- Sonata for keyboard in D minor, K. 32 (L. 423)
- Sonata for keyboard in A major, K. 208 (L. 238)
- Sonata for keyboard in F minor, K. 69 (L. 382)
- Sonata for keyboard in B minor, K. 197 (L. 147)
- Sonata for keyboard in D minor, K. 1 (L. 366)
- Sonata for keyboard in D major, K. 430 (L. 463) "Tempo di ballo"
- Sonata for keyboard in G minor, K. 450 (L. 338) "Burlesca"
- Sonata for keyboard in D minor, K. 396 (L. 110)
- Sonata for keyboard in A major, K. 39 (L. 391)
- Sonata for keyboard in F major, K. 525 (L. 188)
- Sonata for keyboard in A major, K. 322 (L. 483)
- Sonata for keyboard in D major, K. 492 (L. 14)
- Sonata for keyboard in G minor, K. 234 (L. 49)
- Sonata for keyboard in D minor, K. 9 (L. 413), "Pastorale"
- Sonata for keyboard in E major, K. 380 (L. 23) "Cortège"
- Sonata for keyboard in F minor, K. 19 (L. 383)
- Pub. Date:
18.99 In Stock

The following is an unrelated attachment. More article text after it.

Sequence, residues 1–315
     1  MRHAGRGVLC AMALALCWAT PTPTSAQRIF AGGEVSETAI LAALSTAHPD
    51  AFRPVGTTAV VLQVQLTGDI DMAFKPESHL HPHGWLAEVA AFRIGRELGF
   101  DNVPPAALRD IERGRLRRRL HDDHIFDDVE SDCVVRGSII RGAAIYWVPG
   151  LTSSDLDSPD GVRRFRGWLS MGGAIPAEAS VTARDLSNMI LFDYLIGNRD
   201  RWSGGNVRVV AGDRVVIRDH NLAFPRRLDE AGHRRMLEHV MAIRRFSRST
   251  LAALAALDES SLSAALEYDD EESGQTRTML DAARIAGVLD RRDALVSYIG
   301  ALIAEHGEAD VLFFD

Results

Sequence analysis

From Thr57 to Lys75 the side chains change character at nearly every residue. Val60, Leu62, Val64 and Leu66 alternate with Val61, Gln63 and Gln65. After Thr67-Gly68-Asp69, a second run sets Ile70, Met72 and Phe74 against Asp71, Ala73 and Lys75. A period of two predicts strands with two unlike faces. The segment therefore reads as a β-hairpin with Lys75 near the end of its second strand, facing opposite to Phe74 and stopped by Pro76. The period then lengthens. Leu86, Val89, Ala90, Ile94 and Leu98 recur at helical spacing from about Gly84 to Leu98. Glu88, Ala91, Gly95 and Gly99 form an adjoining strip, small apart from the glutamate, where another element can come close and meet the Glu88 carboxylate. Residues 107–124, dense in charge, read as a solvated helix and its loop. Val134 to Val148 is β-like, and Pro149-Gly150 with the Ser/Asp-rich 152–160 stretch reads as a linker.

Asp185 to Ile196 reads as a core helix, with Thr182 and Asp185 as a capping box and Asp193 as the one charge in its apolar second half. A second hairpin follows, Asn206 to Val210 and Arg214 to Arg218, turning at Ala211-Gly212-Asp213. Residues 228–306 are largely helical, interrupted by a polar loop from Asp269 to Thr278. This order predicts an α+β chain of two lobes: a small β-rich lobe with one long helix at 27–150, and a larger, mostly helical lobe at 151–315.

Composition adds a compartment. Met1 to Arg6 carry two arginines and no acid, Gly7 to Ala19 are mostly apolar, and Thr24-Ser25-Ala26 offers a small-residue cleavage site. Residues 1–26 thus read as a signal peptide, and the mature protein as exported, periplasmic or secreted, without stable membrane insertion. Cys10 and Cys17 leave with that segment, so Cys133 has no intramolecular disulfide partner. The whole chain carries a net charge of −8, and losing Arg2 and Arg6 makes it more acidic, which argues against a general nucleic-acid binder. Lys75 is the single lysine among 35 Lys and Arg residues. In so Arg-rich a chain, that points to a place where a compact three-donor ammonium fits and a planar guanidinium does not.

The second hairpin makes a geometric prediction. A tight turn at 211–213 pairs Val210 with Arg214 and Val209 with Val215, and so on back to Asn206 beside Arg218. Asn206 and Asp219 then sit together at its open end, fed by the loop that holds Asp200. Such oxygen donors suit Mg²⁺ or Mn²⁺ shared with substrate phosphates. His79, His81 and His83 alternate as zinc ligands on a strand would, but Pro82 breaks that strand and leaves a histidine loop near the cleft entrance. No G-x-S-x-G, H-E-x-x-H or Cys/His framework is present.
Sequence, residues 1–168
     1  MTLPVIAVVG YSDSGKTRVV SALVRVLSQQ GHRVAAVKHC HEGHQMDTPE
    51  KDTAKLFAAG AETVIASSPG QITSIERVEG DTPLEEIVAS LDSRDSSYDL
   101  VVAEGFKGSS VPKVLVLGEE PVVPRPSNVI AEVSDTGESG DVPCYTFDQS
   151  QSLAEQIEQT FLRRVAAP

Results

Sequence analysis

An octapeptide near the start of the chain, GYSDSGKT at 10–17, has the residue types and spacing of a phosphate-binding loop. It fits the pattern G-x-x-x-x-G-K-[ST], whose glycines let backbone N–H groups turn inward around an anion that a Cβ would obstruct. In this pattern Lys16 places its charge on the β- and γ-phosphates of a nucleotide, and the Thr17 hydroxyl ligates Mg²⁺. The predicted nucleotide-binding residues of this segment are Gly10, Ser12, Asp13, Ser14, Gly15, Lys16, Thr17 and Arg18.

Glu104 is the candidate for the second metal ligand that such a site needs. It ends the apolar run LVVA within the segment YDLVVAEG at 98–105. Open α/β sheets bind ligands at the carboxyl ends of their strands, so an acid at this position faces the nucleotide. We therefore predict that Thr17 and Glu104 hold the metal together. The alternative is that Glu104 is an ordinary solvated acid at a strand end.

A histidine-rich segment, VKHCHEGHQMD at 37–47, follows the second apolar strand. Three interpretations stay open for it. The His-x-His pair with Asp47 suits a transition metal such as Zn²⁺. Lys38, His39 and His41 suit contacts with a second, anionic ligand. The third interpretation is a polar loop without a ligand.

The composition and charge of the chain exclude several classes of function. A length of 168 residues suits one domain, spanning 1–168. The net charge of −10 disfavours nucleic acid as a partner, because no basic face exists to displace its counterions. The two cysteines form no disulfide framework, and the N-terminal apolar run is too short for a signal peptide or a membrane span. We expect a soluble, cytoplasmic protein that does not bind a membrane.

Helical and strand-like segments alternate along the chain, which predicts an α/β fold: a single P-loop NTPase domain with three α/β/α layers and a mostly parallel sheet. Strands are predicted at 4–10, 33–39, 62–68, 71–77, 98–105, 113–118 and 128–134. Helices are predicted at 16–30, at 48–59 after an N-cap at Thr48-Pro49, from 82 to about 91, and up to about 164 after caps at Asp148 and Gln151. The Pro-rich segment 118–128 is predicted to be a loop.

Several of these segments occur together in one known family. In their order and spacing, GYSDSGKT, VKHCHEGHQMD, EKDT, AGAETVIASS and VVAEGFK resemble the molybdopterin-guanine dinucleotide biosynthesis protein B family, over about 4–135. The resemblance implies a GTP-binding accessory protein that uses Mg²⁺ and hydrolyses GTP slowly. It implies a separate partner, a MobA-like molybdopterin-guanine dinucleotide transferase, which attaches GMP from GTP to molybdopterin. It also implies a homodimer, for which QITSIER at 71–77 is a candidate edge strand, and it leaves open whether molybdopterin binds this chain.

Even among confirmed period-instrument fans, the sonatas of Domenico Scarlatti seem to point toward modern pianism. For one thing, some of his music was apparently played on an early fortepiano. And more importantly, the music itself was radical in its time, shattering the block architecture of Baroque music in search of a variety of moods and effects. All this granted, these performances of 16 Scarlatti sonatas, confidently designated as piano works, enter entirely new realms. Charismatic, curly-haired young Italian pianist Federico Colli brings Scarlatti all the way into Romantic piano territory, varying the tempo, applying the pedal, and including several of the names added by 19th century pianist Hans von Bülow. He even furnishes his own notes, explaining the program's division of the sonatas into phases titled with such thoroughly Romantic concepts as "The Power of Illusion," "Live Happily!," "The Return to Order," and "Enchantment and Prayer." Colli relates these to themes in Scarlatti's life, a dubious practice given that the chronology of the sonatas is far from clear, and that the whole exercise is entirely ahistorical. But here's the thing: there's a lot working in Colli's favor. He's just a tremendously exciting pianist all around, and he can make a simple trill into something compelling. And his readings, wild as they may be, are rooted in the forward-looking nature of the sonatas. Sample the "Sonata in A major, K. 39," which in Colli's hands seems to point directly to Beethoven's "Piano Sonata No. 2, Op. 2, No. 2," in the same key. (One of Bülow's labels, for the F major sonata preceding this one on the program, is "Scherzo," and the designation is apt.) The whole thing seems crazy, but it's often convincing, and it demands to be heard. The album is marked Vol. 1, and it's not clear how many more there will be. But strap in for the ride while it lasts!
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